Indexed on: 13 Nov '08Published on: 13 Nov '08Published in: Psychonomic Bulletin & Review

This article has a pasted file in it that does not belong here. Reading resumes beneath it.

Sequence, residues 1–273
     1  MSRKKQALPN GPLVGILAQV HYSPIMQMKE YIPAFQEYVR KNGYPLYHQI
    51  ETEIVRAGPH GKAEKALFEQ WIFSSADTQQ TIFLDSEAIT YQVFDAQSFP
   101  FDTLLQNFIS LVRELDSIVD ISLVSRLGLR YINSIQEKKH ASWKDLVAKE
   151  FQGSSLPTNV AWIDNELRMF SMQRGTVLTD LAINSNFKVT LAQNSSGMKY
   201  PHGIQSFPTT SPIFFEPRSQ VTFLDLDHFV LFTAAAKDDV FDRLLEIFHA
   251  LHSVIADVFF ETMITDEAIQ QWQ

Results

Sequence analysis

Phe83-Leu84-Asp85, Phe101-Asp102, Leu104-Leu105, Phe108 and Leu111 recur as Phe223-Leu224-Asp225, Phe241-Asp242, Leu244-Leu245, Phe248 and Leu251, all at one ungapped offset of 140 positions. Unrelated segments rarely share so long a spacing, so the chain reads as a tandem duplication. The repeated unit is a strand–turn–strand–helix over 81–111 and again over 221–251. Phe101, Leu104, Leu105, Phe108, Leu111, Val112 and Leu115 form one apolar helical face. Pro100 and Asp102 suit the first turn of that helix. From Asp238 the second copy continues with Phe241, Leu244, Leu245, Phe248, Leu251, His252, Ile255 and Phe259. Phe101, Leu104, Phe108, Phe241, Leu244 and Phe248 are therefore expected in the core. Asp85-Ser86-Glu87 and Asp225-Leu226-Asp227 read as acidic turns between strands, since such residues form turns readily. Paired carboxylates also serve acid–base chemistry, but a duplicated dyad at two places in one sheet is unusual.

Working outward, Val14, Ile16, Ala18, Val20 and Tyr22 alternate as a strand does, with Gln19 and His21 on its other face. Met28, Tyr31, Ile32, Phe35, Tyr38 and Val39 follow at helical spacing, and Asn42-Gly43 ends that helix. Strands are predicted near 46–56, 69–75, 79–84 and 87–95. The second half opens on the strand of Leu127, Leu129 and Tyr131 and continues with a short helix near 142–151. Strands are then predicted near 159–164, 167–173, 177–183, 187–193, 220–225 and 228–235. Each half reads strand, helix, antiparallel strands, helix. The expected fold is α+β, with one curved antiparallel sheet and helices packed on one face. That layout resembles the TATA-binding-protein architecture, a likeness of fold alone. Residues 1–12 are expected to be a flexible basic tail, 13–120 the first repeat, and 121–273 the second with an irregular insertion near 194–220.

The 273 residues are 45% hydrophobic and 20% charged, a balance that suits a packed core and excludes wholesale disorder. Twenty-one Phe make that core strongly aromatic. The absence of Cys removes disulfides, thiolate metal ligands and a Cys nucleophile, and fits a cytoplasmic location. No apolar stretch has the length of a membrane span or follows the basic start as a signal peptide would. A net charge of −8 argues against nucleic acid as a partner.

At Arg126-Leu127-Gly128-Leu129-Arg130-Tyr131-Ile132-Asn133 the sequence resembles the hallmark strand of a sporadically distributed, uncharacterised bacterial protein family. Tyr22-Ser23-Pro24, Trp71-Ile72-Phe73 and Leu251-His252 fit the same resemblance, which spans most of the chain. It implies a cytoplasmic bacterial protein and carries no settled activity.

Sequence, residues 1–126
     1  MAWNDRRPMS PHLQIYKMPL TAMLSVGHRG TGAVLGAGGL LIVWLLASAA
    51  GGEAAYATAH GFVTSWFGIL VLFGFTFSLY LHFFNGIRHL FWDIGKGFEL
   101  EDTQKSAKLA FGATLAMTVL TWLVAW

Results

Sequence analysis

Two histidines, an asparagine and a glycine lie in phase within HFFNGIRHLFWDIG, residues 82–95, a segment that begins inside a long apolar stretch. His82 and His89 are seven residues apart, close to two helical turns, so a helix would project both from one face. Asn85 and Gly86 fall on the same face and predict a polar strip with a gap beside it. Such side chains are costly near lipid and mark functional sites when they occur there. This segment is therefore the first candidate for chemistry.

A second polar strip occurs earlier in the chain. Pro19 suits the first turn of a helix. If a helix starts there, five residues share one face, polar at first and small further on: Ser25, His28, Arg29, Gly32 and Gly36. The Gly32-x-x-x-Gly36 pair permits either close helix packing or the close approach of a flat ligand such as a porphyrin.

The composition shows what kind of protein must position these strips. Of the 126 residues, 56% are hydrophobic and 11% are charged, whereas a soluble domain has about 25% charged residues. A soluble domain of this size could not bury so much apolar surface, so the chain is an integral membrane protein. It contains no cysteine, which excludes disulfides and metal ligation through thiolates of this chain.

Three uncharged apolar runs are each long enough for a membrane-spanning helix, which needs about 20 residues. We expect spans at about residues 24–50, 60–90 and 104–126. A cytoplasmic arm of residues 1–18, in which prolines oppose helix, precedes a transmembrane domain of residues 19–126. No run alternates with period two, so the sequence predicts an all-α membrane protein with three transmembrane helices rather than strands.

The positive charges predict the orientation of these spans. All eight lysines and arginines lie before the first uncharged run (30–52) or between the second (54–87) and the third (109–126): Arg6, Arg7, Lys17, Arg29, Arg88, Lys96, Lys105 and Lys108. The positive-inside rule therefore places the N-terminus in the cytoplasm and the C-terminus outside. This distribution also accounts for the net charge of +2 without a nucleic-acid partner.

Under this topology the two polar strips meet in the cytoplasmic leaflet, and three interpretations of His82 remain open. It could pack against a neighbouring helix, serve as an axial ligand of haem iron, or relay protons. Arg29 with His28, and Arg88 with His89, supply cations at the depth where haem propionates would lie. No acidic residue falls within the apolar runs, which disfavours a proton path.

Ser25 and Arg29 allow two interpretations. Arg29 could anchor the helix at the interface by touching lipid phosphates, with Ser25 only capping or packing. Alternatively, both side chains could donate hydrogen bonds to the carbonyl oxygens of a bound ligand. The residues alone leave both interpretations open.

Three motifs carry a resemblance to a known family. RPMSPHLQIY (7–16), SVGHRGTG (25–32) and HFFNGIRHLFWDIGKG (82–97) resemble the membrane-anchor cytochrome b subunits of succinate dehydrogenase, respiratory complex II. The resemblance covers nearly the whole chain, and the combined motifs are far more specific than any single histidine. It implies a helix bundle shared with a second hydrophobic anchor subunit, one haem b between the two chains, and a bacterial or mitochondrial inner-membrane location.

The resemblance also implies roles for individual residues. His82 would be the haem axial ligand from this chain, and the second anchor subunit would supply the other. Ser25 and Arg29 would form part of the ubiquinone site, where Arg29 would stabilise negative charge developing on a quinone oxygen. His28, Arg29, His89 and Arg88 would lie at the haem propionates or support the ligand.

Surprisingly little is known about how people plan and control everyday physical actions, such as walking along and picking up objects. In order to explore this topic, we conducted an experiment in which university students were asked to pick up a common object (a child's beach bucket) that stood on a table several meters from the participant's start position. The bucket stood either on the left side, in the middle, or on the right side of the table and, depending on instructions, was to be carried to a farther target whose horizontal position was also varied. The questions were which side of the table the participant would walk along when picking up the bucket and which hand the participant would use to pick up and carry the bucket. Participants, most of whom were right-handed, preferred to walk along the left side of the table and to pick up the bucket with the right hand, although they departed from that preference when the reaching distance across the table was uncomfortable or if the target was too far to the right. The data were well fit with a mathematical model that included a right-hand bias and an estimate of functional distance that expressed the cost of reaching over some distance as approximately twice the cost of walking over the same distance.